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Personal Injury Claims Portal blog

As our series of blogs continue, new recruit and paralegal in our Personal Injury Team, Jack Harrison guides you through how personal injury claims are made.

As of 31st July 2013, any personal injury claim below the value of £25,000 is dealt with in what is known as the Electronic Claims Portal. The Portal was approved by the Ministry of Justice in 2010 and aims to provide a secure, efficient, easy-to-use and low cost medium to administer personal injury claims. An important idea behind the Portal is that as it is easy to use (in theory if not always in practice!) Claimants can submit their claims without recourse to legal representation, thus lowering costs.

Here, we attempt to provide a walk-through guide to how the Portal works:

The first thing to do when faced with a personal injury claim is establish whether the claim is a road traffic accident, public liability or employer liability claim. This is important because when submitting a claim on the portal there are two different notification forms; one for road traffic accidents, and another for public liability and employer liability claims.

Once it has been decided what sort of claim is being pursued, it’s time to submit a Claim Notification Form (or CNF). A CNF is essentially an application form setting out the details of both sides, details of the accident, injuries sustained, and why the other side is at fault.

If all the mandatory information on the form is completed, the claim can be submitted to the other side, i.e. the party at fault’s insurance company. The Portal imposes deadlines on the insurers at this stage to try to make the system more efficient. For road traffic accidents, the insurers have 15 working days to respond to the claim and accept or deny fault. For employer liability claims the deadline is extended to 30 working days and for public liability claims it is 40 working days.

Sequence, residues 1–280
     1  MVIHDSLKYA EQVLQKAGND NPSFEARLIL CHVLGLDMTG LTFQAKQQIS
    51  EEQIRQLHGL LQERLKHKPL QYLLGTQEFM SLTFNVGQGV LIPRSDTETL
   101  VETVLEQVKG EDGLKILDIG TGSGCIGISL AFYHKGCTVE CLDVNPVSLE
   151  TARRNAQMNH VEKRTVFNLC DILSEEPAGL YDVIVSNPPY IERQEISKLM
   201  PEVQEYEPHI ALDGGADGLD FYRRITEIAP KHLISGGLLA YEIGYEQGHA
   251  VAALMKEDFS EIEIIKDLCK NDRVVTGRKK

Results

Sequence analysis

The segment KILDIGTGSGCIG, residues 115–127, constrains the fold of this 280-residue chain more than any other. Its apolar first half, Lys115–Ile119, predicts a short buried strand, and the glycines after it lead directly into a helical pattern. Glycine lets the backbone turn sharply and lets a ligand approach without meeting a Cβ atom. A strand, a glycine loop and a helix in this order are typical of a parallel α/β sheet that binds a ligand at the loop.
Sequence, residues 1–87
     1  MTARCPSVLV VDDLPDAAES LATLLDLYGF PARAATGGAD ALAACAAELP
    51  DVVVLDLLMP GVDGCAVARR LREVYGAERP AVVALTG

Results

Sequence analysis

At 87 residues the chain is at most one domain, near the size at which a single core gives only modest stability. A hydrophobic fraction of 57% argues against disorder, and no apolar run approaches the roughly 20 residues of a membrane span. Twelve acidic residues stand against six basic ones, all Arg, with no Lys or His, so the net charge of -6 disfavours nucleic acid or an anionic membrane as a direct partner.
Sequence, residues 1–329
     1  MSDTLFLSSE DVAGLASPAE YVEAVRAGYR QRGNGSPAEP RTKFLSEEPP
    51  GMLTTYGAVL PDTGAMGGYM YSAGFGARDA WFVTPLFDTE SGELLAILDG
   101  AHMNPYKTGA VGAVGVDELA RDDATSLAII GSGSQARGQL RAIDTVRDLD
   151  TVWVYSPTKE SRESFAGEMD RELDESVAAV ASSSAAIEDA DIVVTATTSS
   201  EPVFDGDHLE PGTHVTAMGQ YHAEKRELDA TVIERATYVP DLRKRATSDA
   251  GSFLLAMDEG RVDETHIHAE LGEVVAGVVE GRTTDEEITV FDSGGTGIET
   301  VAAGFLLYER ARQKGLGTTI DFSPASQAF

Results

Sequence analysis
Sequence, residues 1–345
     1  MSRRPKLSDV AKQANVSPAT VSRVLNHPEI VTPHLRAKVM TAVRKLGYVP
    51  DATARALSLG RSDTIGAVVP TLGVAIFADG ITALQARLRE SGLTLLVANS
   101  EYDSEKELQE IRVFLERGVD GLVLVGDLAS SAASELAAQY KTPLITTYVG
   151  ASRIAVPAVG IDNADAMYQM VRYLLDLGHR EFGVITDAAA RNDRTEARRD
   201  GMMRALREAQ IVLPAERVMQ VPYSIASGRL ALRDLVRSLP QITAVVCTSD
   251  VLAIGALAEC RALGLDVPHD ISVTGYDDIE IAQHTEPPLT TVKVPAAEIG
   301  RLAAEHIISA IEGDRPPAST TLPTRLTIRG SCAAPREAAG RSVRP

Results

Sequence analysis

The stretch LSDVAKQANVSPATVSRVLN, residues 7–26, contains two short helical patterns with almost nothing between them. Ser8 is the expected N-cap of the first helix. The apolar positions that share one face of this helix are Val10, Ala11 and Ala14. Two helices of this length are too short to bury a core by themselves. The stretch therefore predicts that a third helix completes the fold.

Three things can potentially occur on or before these deadlines.

  1. The insurers do not respond to the claim within the time scale. In this instance the claim ‘times out’ of the Portal, i.e. the claim is no longer administered by the electronic Portal and different rules apply. The insurers now have three months from the date the CNF was sent to respond to the claim.

  2. The insurers deny that the accident was their fault. Here the insurers give brief reasons why they have come to this decision in the Portal. However, again, the claim exits the Portal and different rules apply.

  3. The insurers admit that the accident was their fault. In this event, the claim will proceed to the next stage of the Portal.

Once the other insurers have accepted that their insured was at fault, the Claimant must document their losses. First of all, it is necessary to obtain a medical report. This involves contacting a medical expert and attending an examination. The medical report detailing the extent of the Claimant’s injuries is then used to calculate the value of the claim i.e. how much the Claimant should be owed due to the injuries they have suffered. Legal representatives with experience in the field can do this accurately on your behalf.

It also necessary to document any loss of earnings, expenses and other losses at this stage of the claim. For any losses claimed it will also be necessary to attach evidence such as a backlog of payslips. Each of these losses will amount to the value of the claim which is then submitted as an offer to the other side’s insurers to settle the claim once and for all.

The insurers then have 15 working days to consider and respond to the offer made.

If they fail to the respond to the offer, again, the claim will exit the Portal and proceed under different rules.

If they accept the offer, they must pay the agreed amount to the Claimant within 10 days of settlement.

If they make a counter-offer, the parties are permitted a further 20 days of negotiation to try to come to an agreement. Again, in the event of an agreement the full amount must be paid within 10 days.

If the parties still cannot come to an agreement, then the parties will file the claim at court.

As is clear here, the rules of the Portal can, at times, be  confusing and messy. Our opinion is that it remains very difficult for a Claimant to submit their claim without legal representation. Therefore, our advice is don’t try this yourself and seek a legal expert to file your claim on your behalf. Please do contact me or any one of our Personal Injury Team.